Your Pick of Pozole


In keeping with my attraction this time of year to cozy, seasonally appropriate foods, I have always wanted to learn to make a traditional Mexican pozole. To do so, I enlisted the help of my friend Yarit, who shared with me the techniques to prepare the pozole that is a staple of her Mexican family’s gatherings during the holiday season.

Though we chose to make pozole rojo, this traditional pork stew can also be made green with the use of tomatillos, or left white (like the version in this photo) from the hominy (note: the three varieties of pozole are also the colors of the Mexican flag). Left on the stove to simmer for much of the day, this rich and satisfying stew is perfect for a snowy, tinkering-at-home kind of day.

Yarit also shared with me her pick for the best Mexican restaurant in town: Tortilleria Mi Pueblo. With a menu that changes almost daily, Tortilleria Mi Pueblo serves a variety of traditional and delicious dishes, though I find myself running in most often for a dozen of their tamales or for a stack of freshly made corn tortillas. And if you don’t want to venture to make this pozole at home, you will likely find it on their menu as we head into the holiday season. 

We at the red posole too quickly to get a photo of, though the white version shown here is amazing too.

Pozole Rojo (shared by Yarit Andraca)


  • Makes 6 to 8 servings
  • 2 pounds pork or 3 pounds if bone-in (look for pieces with a layer of fat or bone-in for extra flavor; stew meat or any cut — like shoulder — meant to be slow cooked is best)
  • 1 white onion (cut in half, with one half finely chopped, the other left whole)
  • 1 garlic head, washed and left unpeeled
  • 1/2 cup dried oregano
  • One 6 pound can of white, precooked hominy
  • 2 tablespoons olive or vegetable oil
  • 5 whole dried guajillo chilies
  • 1 tablespoon ground cumin
  • 2 jalapenos, finely chopped for garnish
  • 2 limes cut into wedges for garnish
  • 2 avocados sliced for garnish
  • 1 bunch of radishes, thinly sliced for garnish
  • Corn tostadas or chips for garnish
  • Salt and Pepper to taste


  • Place the pork in a large stockpot and fill with water until pork is covered by at least 3 inches.
  • Add about 2 tablespoons of kosher salt, 1/4 cup of dried oregano, the whole half of the white onion and the whole, unpeeled head of garlic.
  • Simmer on low heat for about 4 hours until pork is easily pulled apart and stock is flavorful. Alternatively, you may do this in a slowcooker or crockpot overnight.
  • Remove pork, head of garlic and onion and set aside to cool.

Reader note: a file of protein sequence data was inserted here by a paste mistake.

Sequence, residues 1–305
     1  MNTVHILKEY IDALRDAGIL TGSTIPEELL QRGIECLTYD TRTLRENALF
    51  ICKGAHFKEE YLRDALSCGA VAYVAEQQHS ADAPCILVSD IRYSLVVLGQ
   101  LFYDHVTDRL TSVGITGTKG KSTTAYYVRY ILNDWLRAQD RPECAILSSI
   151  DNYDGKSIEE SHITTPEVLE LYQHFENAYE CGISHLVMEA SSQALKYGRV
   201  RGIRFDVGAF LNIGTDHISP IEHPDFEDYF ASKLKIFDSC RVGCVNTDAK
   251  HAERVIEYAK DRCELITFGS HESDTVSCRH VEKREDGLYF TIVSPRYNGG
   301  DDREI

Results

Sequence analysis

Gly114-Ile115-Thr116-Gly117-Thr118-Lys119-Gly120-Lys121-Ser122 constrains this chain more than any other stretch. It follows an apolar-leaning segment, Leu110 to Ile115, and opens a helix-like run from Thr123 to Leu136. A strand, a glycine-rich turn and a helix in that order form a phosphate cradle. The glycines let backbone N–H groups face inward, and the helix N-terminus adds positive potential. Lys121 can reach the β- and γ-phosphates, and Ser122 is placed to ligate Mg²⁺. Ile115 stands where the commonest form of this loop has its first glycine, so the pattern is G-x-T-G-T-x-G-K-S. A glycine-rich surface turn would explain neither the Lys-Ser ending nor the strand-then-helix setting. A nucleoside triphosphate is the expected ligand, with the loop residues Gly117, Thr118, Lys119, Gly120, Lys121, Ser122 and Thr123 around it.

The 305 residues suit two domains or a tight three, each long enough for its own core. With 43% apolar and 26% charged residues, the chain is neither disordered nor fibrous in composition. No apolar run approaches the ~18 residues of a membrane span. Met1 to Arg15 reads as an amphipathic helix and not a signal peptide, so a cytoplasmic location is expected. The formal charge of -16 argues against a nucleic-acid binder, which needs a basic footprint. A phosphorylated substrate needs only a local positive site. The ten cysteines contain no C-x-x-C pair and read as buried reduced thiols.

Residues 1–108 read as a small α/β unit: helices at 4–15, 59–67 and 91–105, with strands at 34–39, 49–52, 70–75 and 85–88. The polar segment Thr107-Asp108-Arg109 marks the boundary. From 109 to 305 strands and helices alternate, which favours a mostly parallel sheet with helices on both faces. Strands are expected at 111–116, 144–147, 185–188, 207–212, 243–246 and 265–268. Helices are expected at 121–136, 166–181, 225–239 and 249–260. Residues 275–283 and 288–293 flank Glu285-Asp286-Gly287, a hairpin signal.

• Rinse the hominy in a strainer then add to the stock, return to a simmer.
  • Meanwhile, remove stems and add dried chilies to a small pot of water and bring to a simmer to rehydrate, about 15 minutes.
  • Once rehydrated, remove chilies from water, and add to a blender, along with about 1/4 cup of its water, the 1/2 onion and 2 cloves from the head of garlic that were in the stock, and one tablespoon of ground cumin.
  • Blend until well combined, set aside.
  • Finely chop the other 1/2 of onion.
  • Heat 2 tablespoons of oil in a small pot over medium heat, and add about 2 tablespoons of the chopped onion to the oil.
  • Set the other chopped onion aside for garnish.
  • Fry the onion until golden brown.
  • Set a mesh strainer over the pot, and pour blended chile mixture through the strainer into the fried onions.
  • Stir to combine, lower heat and simmer chile and onion mixture until thickened, about 5 to 10 minutes, set aside.
  • When pork is cool enough to touch, shred into pieces and set aside once again.
  • Spoon some of the stock and hominy mixture into the blender (left unwashed from the chile mixture is fine here), add 2 more cloves from the head of garlic, 2 tablespoons of dried oregano and blend until the consistency of grits.
  • Pour back into the pot, along with the shredded pork and red chili mixture.
  • Stir to combine, and return to a simmer.
  • Salt and pepper to taste.
  • Serve stew, garnished to taste with chopped onion, jalapeno, lime, avocado, radishes, your favorite hot sauce and tostadas/chips.

About Author

Born and raised in Los Angeles, California, Molly learned two things about life: that she didn’t want to spend the rest of it in a city, and that she couldn’t live without diverse, vibrant and delicious food within an arms reach. So, she started cooking. A lot. Then she moved to the mountains. A Jackson resident for 5 years now, Molly is continuing to learn to balance a life of playing in the outdoors, owning multiple pets, growing her own food, working the 8-5 office job and cooking up a storm. She loves toast, campfires, being underwater, fresh tomatoes, Patsy Cline, playing in her garden and capturing every last bit of each seasons.

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